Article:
Former Carson-Newman football head coach and East Tennessee legend Ken Sparks died early Wednesday morning. He was 73.
Sparks coached Carson-Newman to a 338-99-2 record during his tenure. He has the fifth most wins of any college football coach of all time.
He served as head coach of the Eagles for 37 years from 1980 through the 2016 season. Sparks stepped down in November, citing health concerns.
Sparks had battled prostate cancer since his diagnosis in 2012. His doctors stopped treating him for the disease in January. The coach had been in hospice care for several weeks.
The Sparks family will receive friends at Manley Baptist Church in Morristown from 2-6 p.m. Friday with a service to follow. The event is open to the public.
Sparks' burial will be private at the request of the family.
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SPARKS' CAREER ON THE FIELD
A Knoxville native, Sparks was born Feb. 25, 1944. He played wide receiver for Carson-Newman and graduated from the college in 1968. From there, Sparks had coaching stops at Gibbs High School in Knox County, Tennessee Tech, Morristown East and Farragut High School.
Sparks assumed the role of head coach of the Carson-Newman Eagles in 1980. Under his leadership, the Eagles won five NAIA titles and 21 South Atlantic Conference (SAC) championships. The Eagles compete in Division II football.
His coaching philosophy centered around inspiring young athletes from within.
“What’s the greatest motivation? Inside motivation," Sparks said in January.
"It’s not outside motivation. Outside motivation doesn’t last long, it’s artificial,” Sparks added. “We coached heart and sold the kids on doing something over and beyond what they thought they could.”
Sparks announced his retirement in November 2016, fighting back tears through his news conference. He said he needed to focus on his family and his health.
“I’m at peace,” Sparks said. "I have a great wife. And if we’re breathing, we’re fighting.”
SPARKS OFF THE FIELD
In many ways, Sparks' persona on the field carried over to his life off of it. At his own retirement news conference, he handed a bouquet of flowers to his wife, Carol, and embraced her before giving his announcement.
Despite a lifetime's worth of accomplishments, Sparks credited his success to his players, coaches and God.
"He's just so humble in the way he goes about everything,” Tennessee basketball coach Rick Barnes said. “I hope he realizes and knows that the team he's really playing for is a team I truly want to be a part of."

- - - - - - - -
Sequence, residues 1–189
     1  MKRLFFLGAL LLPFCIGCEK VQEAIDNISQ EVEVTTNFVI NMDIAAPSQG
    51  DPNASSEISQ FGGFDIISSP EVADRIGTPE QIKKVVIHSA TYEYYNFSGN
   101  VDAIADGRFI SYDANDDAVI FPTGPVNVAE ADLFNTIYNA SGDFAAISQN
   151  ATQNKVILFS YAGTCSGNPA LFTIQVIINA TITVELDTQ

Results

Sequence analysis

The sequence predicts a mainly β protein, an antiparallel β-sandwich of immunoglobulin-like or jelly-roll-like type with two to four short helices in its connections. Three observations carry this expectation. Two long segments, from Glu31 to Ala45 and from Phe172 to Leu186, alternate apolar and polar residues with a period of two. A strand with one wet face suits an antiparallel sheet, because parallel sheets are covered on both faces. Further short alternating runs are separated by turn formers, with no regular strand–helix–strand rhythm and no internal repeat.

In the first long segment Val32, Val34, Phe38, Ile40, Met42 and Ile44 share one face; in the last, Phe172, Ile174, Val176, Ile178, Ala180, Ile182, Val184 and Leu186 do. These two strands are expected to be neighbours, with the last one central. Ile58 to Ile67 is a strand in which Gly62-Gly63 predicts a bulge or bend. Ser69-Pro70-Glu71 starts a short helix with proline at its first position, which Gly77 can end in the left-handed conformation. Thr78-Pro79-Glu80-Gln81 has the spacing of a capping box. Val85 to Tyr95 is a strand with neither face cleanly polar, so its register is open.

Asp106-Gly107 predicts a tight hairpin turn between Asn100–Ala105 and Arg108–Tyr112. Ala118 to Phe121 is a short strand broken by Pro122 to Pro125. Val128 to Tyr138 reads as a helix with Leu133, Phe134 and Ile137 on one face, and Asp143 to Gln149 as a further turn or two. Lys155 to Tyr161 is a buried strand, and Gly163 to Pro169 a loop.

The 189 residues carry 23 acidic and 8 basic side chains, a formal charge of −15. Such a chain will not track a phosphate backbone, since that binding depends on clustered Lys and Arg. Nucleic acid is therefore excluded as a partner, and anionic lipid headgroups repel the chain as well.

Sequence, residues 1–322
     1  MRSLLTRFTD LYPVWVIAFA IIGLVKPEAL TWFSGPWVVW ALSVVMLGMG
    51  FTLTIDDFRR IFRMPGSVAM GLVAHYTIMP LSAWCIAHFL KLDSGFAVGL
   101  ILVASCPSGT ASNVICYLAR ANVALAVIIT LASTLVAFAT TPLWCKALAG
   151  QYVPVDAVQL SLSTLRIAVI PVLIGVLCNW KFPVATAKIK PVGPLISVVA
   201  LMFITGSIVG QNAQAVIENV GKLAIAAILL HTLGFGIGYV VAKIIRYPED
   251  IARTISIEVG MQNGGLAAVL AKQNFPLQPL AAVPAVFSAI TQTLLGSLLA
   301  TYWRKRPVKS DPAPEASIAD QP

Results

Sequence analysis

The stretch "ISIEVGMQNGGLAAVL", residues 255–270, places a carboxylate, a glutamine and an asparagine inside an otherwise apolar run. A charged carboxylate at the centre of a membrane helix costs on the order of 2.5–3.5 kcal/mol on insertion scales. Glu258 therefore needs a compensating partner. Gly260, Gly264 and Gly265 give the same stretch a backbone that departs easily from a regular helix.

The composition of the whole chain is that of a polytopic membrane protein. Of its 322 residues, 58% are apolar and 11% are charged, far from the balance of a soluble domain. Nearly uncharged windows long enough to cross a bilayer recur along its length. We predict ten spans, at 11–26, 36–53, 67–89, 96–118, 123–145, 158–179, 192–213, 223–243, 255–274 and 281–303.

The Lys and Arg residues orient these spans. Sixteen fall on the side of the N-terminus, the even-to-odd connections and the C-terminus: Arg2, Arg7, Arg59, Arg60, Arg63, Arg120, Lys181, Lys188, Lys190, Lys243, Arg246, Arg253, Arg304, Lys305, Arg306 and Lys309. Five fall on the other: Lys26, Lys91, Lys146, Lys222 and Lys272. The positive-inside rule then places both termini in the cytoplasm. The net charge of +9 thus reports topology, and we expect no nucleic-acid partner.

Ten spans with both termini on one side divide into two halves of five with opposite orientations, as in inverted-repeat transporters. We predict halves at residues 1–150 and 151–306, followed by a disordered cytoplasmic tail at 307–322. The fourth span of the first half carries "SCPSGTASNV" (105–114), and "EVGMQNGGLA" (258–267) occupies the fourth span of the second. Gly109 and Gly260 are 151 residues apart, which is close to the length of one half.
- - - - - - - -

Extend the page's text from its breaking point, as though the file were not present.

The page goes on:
Sparks and Barnes forged a relationship almost immediately after Barnes took the head coaching reigns at UT. The two bonded over their shared devotion to Christianity.
“He understands winning football games in one thing, but the real wins are the wins in life and the people that you are really able to talk Jesus Christ with,” Barnes said in February 2016.
Sparks drew heavy praise from coaches and colleagues during his career and in the wake of his retirement. Tennessee football coach Butch Jones was moved the day Sparks retired, calling him one of the greatest people he had ever met who had the power to change lives.
"He's what this game should stand for in terms of a human being and impacting the lives of many individuals," Jones said in November. "We always talk about being a champion, he's a champion in every sense of the way, and our friendship means the world to me."
Sparks didn't focus on how he wanted to be remembered.
“I don’t want to have a legacy," Sparks said in January. "Let me tell you what I want, I want an investment in the Kingdom of God that’s lasting. That’s what I want.”
University of Tennessee football coach Butch Jones said Sparks did leave a legacy, and it went far beyond the football field.
“I’m very sad to hear of the passing of Coach Ken Sparks. Coach Sparks was a close friend to myself and our football program. I had followed Ken’s coaching career from afar and our friendship really began when he was one of the first people to call me when I was hired at UT. That phone call and our talks over the years mean the world to me. He was such a pillar in this community and was always willing to help," Jones said in a statement.
“I think anyone who had the opportunity to be around Ken Sparks would tell you what a special human being he was. His legacy extends way beyond the game of football. He touched so many lives off the field. The players he coached, he coached them to not only win football games, but to be successful in life. I spent some time with Ken a few weeks ago at his home and will always cherish that conversation.
“We lost a legend today and our thoughts and prayers go out to Carol and his family. He will be missed but always admired,” Jones concluded.